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Bowel cancer claims the lives of 5,354 Australians every year. Risk factors include older age, family history of the disease, and eating lots of red meat – especially processed meats like salami and bacon.

Plant-based diets or plant-forward eating patterns focus on foods primarily from plants.

So how do people on plant-based diets measure up when it comes to their risk of developing bowel cancer?

In a recent study, researchers looked at more than 170,000 people in a US population cohort aiming to help answer questions about the development of disease. When they entered the cohort, people were quizzed on their typical diet and this was used to sort them into different groups based on how much of their diet was plant-based. This data was linked with the incidence of cancer in each group based on state surveillance of cancer cases and registry information.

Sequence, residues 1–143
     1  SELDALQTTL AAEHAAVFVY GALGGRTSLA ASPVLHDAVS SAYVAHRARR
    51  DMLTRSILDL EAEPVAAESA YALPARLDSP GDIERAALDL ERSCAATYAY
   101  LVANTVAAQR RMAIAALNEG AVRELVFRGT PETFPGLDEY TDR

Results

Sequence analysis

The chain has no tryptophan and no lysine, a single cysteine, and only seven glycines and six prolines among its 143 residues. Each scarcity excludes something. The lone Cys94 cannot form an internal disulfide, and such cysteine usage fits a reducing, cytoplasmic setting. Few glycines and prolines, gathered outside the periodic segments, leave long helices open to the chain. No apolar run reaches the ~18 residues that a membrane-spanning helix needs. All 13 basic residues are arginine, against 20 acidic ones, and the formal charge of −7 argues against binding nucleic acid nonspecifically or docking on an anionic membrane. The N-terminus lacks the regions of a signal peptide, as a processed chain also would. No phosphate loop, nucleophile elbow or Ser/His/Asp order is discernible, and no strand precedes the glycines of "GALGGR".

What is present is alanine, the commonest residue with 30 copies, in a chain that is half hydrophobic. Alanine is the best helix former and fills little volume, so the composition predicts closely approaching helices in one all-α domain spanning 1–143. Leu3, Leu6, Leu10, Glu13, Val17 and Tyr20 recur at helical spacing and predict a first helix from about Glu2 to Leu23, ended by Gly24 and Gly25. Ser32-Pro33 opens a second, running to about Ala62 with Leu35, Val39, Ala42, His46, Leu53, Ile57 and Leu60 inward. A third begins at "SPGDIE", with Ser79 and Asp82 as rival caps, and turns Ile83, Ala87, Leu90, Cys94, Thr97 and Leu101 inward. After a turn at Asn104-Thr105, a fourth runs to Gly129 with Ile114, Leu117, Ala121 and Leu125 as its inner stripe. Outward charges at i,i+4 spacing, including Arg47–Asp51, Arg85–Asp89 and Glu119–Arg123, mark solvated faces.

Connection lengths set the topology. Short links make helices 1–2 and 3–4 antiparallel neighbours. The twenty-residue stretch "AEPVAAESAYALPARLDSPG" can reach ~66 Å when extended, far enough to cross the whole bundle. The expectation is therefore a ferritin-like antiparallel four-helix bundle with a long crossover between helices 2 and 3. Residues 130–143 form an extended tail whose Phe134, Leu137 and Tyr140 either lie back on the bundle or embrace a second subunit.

High rates of plant food consumption were strongly inversely linked to risk of colorectal cancer – but only in men. That meant that for men who scored in the fifth and highest quintile of plant-based food consumption, there was a 24% lower risk of bowel cancer relative to those in the lowest quintile. Interestingly, the same pattern was not found for women – a plant-based diet was not significantly associated with bowel cancer risk.

It’s not clear why women were different in this study, though the authors speculated that it’s because women typically eat a higher proportion of plant-based foods overall, there may not be as much benefit beyond a certain ‘dose’ of such foods. It’s also known that men are at higher risk of bowel cancer, and the reduction in risk may be more significant for them.

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